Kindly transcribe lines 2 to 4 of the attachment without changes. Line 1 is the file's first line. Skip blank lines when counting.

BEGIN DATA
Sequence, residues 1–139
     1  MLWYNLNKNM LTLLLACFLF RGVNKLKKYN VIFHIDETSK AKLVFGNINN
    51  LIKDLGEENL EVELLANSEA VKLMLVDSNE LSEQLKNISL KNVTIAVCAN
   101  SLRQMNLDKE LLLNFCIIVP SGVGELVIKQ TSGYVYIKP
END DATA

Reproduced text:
     1  MLWYNLNKNM LTLLLACFLF RGVNKLKKYN VIFHIDETSK AKLVFGNINN
    51  LIKDLGEENL EVELLANSEA VKLMLVDSNE LSEQLKNISL KNVTIAVCAN
   101  SLRQMNLDKE LLLNFCIIVP SGVGELVIKQ TSGYVYIKP